Clemson researcher makes biofuel from rotten peaches

By Peter Kent

researcher Caye Drapcho in a laboratory, photo by Peter KentWhat’s brewing in Caye Drapcho’s bioreactor may well be a fuel of the future. Drapcho, a biosystems engineer, is investigating a bacterium that produces hydrogen. The microbe is called Thermotoga neapolitana. And it has a taste for peaches, especially rotten ones.

Working with the South Carolina Peach Council, we have found that peaches not suited for consumer sale can be converted to a biofuel by this bacteria,” said rapcho. “Peach waste has substantial organic value with a high percentage of sugars that can be converted to hydrogen gas.”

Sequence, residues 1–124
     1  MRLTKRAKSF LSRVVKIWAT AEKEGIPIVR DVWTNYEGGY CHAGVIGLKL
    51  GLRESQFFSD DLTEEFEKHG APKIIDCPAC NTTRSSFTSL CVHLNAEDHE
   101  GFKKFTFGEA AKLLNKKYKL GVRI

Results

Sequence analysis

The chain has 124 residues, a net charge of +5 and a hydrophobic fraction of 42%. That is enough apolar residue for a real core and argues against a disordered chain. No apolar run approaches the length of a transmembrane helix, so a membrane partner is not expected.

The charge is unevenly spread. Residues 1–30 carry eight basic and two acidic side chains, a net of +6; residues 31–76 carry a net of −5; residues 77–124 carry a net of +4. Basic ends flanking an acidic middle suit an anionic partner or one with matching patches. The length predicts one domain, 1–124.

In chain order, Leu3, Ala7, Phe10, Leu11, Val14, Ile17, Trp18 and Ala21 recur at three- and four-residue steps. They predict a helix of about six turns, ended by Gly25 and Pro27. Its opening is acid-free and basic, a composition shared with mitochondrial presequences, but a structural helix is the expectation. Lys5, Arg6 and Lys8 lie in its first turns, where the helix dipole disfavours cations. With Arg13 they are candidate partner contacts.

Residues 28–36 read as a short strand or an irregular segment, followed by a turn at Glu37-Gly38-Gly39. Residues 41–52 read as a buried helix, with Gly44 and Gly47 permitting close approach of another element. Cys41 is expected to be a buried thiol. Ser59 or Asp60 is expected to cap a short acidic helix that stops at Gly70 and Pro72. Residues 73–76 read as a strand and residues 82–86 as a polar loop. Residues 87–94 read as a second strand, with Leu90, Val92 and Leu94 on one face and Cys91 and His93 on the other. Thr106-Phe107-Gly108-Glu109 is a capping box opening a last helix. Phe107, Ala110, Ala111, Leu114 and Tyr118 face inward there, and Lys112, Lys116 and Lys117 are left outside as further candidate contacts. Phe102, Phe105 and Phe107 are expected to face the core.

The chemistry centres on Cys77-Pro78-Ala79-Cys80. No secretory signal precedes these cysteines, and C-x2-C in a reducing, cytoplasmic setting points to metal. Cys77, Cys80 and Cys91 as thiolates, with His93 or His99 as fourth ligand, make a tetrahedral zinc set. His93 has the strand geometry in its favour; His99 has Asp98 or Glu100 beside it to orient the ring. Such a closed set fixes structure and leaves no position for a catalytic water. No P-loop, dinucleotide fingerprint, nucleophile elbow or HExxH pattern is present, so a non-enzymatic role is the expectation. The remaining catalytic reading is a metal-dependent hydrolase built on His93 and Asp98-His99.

video of peach researchMore than 200 million pounds of peaches are harvested annually in South Carolina, the nation’s No. 2 peach producer behind California, and approximately 20 million pounds of damaged peaches are discarded. This research may help turn crop losses into fuel.

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Caye Drapcho: Biofuel from rotten peaches




For information: Caye Drapcho, 864-656-0378, cdrapch@clemson.edu